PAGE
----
Vaccines were supposedly available to teachers starting February 24th, but not a single teacher was vaccinated at Moscone Center on Tuesday.
Teachers from the San Francisco Unified School District were disappointed upon arrival at Moscone Center, the city’s largest vaccination site. The state failed to give access codes to teachers from SFUSD, so when they arrived for their first dose, they were turned away.
Just learned that no SF educator was vaccinated at Moscone today b/c the Governor forced Kaiser to hold all spots for educators who receive codes from the School District. The State failed to give a single code to SFUSD! https://t.co/SXkG4SU7wU.Together.For.Our.Kids! @GavinNewsom
— Hillary Ronen (@HillaryRonen) March 2, 2021
The state of California provides priority access codes to Offices of Education, but since San Francisco does not have an Office of Education, the City was not given clarity on how local distribution would be handled.
San Francisco Mayor London Breed released a statement yesterday detailing the educator vaccination plan.
“Last night, we received our first vaccine priority access codes from the State for our educators who are in the classroom or who are heading back soon. We’ve distributed this first set of codes to the San Francisco Unified School District for distribution to public school educators and support staff, including charter schools, that are slated to return to the classroom first, and the San Francisco Department of Public Health is working directly with our parochial and private schools to make sure their teachers who are teaching in person have access,” she said.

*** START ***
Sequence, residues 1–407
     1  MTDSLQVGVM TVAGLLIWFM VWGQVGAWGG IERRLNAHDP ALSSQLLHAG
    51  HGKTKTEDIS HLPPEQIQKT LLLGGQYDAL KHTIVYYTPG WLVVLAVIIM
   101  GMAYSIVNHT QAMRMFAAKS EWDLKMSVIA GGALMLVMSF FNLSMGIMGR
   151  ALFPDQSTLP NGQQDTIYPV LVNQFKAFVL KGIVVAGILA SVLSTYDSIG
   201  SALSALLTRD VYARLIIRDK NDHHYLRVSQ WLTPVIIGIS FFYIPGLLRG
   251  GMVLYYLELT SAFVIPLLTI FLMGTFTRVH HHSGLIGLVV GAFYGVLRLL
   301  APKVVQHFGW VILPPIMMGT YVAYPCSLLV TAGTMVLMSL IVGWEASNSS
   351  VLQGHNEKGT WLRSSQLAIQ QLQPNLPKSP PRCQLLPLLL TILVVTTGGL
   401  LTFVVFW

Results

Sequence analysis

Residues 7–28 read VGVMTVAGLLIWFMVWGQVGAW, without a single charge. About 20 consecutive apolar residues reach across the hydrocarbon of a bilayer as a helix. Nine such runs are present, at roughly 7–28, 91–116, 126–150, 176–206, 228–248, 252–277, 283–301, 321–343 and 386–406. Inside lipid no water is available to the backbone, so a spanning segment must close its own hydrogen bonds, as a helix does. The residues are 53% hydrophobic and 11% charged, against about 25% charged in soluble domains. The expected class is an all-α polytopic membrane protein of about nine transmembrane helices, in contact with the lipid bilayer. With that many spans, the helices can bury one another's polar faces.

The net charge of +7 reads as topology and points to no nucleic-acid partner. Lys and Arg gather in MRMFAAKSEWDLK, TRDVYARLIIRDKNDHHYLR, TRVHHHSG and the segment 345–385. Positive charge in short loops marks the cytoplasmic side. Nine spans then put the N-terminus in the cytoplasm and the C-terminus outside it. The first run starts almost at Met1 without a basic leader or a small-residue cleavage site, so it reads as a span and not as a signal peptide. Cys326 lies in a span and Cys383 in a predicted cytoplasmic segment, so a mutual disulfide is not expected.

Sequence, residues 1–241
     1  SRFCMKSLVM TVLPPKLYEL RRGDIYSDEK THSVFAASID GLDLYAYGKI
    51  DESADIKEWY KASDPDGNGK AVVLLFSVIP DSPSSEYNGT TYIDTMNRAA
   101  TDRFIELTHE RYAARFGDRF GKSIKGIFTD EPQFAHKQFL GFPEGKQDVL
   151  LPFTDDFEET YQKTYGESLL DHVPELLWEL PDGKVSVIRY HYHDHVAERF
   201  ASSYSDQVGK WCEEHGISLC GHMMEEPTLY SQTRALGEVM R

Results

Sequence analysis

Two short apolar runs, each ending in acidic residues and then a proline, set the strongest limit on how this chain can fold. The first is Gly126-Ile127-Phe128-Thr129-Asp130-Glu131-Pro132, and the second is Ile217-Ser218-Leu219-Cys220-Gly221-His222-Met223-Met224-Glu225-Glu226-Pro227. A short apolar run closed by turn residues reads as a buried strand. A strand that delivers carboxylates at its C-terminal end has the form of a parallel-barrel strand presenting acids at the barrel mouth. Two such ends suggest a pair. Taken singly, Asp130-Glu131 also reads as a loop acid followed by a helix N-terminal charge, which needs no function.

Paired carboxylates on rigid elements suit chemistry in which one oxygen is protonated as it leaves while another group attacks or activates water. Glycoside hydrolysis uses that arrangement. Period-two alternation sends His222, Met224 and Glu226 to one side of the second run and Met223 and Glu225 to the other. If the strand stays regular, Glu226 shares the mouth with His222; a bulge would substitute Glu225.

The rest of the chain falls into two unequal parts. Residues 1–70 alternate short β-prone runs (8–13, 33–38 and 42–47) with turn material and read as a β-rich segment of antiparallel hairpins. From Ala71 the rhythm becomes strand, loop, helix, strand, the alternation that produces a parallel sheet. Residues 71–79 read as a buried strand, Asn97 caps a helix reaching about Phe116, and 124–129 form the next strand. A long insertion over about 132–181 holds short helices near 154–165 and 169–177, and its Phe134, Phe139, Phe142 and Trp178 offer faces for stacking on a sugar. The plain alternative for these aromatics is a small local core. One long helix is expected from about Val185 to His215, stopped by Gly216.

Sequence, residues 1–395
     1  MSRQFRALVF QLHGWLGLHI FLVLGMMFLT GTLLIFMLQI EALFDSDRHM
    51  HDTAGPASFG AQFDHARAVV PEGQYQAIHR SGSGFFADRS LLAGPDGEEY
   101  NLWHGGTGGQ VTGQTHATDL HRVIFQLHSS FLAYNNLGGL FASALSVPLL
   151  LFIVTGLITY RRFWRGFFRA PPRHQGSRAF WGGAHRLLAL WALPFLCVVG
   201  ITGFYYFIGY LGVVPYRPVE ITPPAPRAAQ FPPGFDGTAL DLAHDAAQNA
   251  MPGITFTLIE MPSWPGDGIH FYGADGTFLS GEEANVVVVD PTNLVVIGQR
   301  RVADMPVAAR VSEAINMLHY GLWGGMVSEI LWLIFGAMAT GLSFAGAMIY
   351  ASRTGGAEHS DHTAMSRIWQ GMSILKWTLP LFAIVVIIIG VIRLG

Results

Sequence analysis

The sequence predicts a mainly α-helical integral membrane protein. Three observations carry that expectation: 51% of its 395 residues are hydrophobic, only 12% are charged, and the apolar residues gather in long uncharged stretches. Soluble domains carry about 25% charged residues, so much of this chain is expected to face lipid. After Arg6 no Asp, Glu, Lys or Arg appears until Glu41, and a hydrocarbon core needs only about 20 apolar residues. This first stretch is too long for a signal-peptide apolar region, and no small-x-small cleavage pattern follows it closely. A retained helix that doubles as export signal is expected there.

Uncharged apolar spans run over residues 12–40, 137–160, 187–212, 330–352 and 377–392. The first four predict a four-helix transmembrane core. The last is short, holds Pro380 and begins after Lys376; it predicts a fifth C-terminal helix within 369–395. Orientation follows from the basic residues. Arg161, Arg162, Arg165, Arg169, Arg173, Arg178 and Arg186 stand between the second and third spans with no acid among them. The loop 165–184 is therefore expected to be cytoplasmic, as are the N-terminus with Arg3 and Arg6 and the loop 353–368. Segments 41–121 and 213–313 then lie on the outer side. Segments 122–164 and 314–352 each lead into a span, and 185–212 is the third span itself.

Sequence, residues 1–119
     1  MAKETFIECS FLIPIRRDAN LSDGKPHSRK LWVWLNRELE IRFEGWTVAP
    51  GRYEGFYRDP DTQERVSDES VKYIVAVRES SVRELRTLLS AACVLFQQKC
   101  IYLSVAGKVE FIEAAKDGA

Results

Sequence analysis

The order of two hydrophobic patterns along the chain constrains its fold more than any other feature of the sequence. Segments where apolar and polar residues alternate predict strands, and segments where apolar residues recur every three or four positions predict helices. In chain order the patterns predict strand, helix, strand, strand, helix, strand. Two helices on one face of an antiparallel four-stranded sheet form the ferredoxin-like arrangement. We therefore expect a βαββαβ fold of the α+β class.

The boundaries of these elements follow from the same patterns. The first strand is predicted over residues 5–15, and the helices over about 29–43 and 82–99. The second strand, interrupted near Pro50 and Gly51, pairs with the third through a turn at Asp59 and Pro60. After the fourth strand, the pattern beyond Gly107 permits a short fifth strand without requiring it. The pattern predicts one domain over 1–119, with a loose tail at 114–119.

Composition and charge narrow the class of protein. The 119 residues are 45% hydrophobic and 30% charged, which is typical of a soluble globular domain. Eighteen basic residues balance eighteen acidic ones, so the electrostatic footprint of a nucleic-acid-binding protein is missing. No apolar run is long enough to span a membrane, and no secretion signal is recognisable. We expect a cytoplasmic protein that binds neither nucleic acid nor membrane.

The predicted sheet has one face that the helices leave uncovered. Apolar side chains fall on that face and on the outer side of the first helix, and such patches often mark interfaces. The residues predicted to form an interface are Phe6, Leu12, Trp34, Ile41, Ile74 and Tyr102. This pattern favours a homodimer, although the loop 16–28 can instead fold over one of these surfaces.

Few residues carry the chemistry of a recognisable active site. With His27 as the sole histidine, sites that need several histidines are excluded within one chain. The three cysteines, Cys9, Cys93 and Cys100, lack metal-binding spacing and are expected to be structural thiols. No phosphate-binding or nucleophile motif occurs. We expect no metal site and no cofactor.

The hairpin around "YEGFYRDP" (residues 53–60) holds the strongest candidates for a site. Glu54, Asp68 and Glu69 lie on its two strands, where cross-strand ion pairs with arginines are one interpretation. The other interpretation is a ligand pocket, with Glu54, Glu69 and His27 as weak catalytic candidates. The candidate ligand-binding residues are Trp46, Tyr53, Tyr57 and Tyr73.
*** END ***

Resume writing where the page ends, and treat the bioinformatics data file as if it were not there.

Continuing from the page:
Educators can use these priority codes for appointments at Moscone and other Bay Area sites now by going to https://t.co/35sPmp9qPN.Advertisement
While vaccines are not a requirement for in-person learning, we know that getting our teachers vaccinated is important and we’re here to help.
— London Breed (@LondonBreed) March 3, 2021
“These codes can be used to schedule appointments at Moscone Center and other Bay Area sites now. While these access codes are meant to prioritize those teaching in person or those returning to the classroom soon by opening reserved appointments only, all educators can continue to have access to vaccination appointments as they have had since last week.”
Now that San Francisco has moved to the less-restrictive red tier, there is hope that the city may be able to reopen schools as more and more teachers are vaccinated. If all goes well, educators may receive vaccines more efficiently thanks to the updated implementation plan.
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[Featured Image: U.S. Secretary of Defense, CC BY 2.0 <https://creativecommons.org/licenses/by/2.0>, via Wikimedia Commons]